Tag Archives: envisionmath

Questions about an enVisionMATH worksheet (part 2)

Here’s another question about the same enVisionMATH worksheet we first met yesterday. Take a look at this section, and think about the mental processes you’d use to answer each of these problems:

Got it? Now, let me zoom out a little and show you a part of the worksheet you didn’t see before:

If you’re late to the party and don’t know what’s meant by “near doubles” and the arithmetic rules that enVisionMATH attaches to near doubles, read this post first. Questions:

  • Now that you know that these are supposed to be exercises about near doubles, does that change the mental processes you selected earlier for working the problems?
  • Should it?
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Filed under Early education, Education, enVisionMATH, Math, Teaching

Questions about an enVisionMATH worksheet (part 1)

The 6-year old had Fall Break last week, so no homework and no enVisionMATH-blogging for me. Tonight, however, she brought home a new worksheet for her weekly homework, and a couple of things caught my eye. I thought I’d throw those out there to you all, along with a question or two, as a two-part blog post.

For the first post, take a look at this (click to enlarge):


  • In your own words, preferably those that a smart 6-year old could understand, what is the basic principle that this page is trying to get across?
  • What technique does this worksheet want kids to use when doing the Algebra problems?
  • What’s your opinion about the principle/technique you think the worksheet is trying to communciate? Reasonable? Natural? Likely to be useful, or used frequently later on?


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Filed under Early education, Education, enVisionMATH, Math, Teaching

More enVisionMATH: Adding “near doubles”

The last post about enVisionMATH and how I, as a math person and dad, go about trying to make sense of what my 6-year old brings home from first grade seems to have struck a chord among parents. The comments have been outstanding and there seems to be a real need for this kind of conversation. So I have a few more such posts coming up soon, starting with this one.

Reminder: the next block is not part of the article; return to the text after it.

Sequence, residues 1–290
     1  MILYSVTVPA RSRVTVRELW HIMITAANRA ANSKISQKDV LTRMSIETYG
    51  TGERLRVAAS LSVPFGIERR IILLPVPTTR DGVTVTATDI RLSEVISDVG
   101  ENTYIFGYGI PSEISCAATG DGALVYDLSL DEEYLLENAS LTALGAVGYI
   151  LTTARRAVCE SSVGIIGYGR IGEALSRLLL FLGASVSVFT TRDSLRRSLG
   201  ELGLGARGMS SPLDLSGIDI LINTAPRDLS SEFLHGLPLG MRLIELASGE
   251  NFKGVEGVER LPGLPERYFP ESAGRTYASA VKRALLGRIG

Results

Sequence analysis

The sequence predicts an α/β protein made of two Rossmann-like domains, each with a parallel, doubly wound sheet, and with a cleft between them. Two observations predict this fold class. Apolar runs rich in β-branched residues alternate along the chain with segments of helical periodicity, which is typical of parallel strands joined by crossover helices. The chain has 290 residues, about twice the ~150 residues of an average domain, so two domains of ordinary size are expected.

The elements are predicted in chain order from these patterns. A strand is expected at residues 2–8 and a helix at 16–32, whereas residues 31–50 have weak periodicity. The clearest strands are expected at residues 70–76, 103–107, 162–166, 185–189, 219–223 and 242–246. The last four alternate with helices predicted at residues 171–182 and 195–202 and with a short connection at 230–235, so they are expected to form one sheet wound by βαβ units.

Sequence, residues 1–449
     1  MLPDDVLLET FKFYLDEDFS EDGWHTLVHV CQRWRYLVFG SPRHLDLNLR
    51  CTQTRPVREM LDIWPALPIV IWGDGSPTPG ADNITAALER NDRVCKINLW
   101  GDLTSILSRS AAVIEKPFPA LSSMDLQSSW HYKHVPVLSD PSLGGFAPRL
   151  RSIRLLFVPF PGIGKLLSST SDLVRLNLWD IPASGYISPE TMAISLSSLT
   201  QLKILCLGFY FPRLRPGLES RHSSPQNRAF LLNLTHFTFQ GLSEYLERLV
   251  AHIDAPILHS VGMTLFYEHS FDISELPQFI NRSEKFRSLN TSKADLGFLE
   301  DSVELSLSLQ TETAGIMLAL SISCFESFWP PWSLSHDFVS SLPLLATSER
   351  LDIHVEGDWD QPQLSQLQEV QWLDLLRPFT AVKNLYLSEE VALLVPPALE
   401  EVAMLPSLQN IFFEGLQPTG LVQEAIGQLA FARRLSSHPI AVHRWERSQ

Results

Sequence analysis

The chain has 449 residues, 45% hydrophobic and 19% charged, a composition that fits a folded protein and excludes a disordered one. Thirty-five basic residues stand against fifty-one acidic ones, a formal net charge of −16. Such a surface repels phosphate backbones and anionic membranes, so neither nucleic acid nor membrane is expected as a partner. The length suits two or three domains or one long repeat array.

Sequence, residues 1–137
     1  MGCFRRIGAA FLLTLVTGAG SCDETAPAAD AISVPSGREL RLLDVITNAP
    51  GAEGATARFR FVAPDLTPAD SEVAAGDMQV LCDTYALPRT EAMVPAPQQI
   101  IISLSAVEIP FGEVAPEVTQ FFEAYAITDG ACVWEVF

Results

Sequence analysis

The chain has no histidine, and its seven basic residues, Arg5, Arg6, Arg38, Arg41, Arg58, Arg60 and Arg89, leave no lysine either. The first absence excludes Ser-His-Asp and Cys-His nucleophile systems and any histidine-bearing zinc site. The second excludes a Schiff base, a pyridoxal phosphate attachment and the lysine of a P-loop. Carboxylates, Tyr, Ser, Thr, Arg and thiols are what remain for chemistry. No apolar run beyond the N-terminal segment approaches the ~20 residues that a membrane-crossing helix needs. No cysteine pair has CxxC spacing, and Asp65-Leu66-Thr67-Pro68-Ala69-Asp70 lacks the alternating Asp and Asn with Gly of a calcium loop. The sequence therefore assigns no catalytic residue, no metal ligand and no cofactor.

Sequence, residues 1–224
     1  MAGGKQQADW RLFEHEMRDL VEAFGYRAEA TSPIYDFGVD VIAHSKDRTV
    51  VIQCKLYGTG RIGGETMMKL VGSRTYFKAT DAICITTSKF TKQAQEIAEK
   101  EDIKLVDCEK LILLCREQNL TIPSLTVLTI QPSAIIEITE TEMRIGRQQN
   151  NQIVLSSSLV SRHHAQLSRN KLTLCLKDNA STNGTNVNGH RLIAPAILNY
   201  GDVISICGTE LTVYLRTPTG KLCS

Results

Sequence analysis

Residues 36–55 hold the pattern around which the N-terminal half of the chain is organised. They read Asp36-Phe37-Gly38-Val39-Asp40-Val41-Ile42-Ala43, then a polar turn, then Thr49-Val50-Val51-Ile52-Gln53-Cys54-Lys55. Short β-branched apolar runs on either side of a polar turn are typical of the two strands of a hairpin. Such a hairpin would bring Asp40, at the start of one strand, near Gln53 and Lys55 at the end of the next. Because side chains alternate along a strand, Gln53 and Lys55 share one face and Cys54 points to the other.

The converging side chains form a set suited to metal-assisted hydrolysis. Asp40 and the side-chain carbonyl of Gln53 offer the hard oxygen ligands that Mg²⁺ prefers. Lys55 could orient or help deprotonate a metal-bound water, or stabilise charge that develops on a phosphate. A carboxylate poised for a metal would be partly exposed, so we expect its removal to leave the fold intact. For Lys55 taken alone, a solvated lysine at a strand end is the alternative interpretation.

The 6-year old brought this home on Monday. Click to enlarge:

It’s about adding “near doubles”, like 3 + 4 or 2 + 3. In case you can’t read the top part or can’t enlarge the photo, here are the steps — yes, there are steps, and that’s kind of the point of this post — for adding near doubles:

  1. “You can use a double to add a near double.” It gives: 4 + 5 and shows four blue balls and five green balls.
  2. “First double the 4”. It shows 4 + 4 = 8, and the four blue balls, and four of the green balls with the extra green ball sort of falling to the ground.
  3. Then it says: “4 + 5 is 4 + 4 and 1 more.” At this point you really have to look at the worksheet itself, because it’s hard to put into words what is going on:

And from there, in the fourth frame, one of the girls in the earlier frame concludes that 4 + 5 must be 9 because 8 and 1 more is 9.

The Guided Practice section has the kids doing four near-double sums. Clearly, the way the worksheet wants kids to learn how to do this is not simply to add 2 + 3, but (1) to recognize that 3 is 2 plus 1 more, (2) add 2 + 2, and (3) then add 1 to the result of 2 + 2:

There’s a thing at the bottom asking kids to explain the process and then a bunch of near-double sums to practice — presumably kids are supposed to use the method described above, but there’s nothing forcing them to do so — and some “algebra” questions with blanks in the place of variables.

I’m not sure exactly how my brain goes about adding near doubles — whether it just somehow does the addition in ways that are almost automatic thanks to 35 years of repetition, or whether there are little tricks it employs — but I am absolutely certain that  I don’t do it the way enVisionMATH is telling kids how to do it. I tried it. When I read the worksheet, I thought about near-doubles that aren’t so easy, like 121 and 122. Quick! Add those together. Did you think, “122 is 121 plus one more; 121 + 121 = 242; 242 and 1 more is 243” ? I didn’t — not by a long shot. I just added the numbers together. No methods, no tricks; just old-school addition. There may be some tricks that my brain invokes to “just add the numbers” — for example, I tend to visualize the two terms of the sum stacked atop each other in the classic vertical arrangement for adding, and then visually add the digits — but I am most definitely not going through the four-step process on this worksheet.

In fact, the four-step process complicates matters so much that it’s inexplicable why they are even bringing it up. Most kids at this stage can add 2 + 3 or 5 + 6 in one step. But by introducing this method, there are four operations: comparison (find the larger of the two near-doubles), subtraction (take 1 from the larger number), addition (add the two duplicates), and another addition (add 1 to the result). Technically there is a fifth operation kids have to perform, namely recognize that the two numbers they are adding are near-doubles in the first place.

One might argue that doubling a number (in the third step) is easier than adding it to itself — kids just recognize that doubling 5 gives 10, for instance — and subtracting 1 is a very easy special case of subtraction in general that nearly everybody at this age can do without thinking, similarly for adding 1 at the end. That may be so, but it can’t be so much easier that adding in steps 1, 2 and 4 results in a net reduction in complexity or a net gain in conceptual understanding.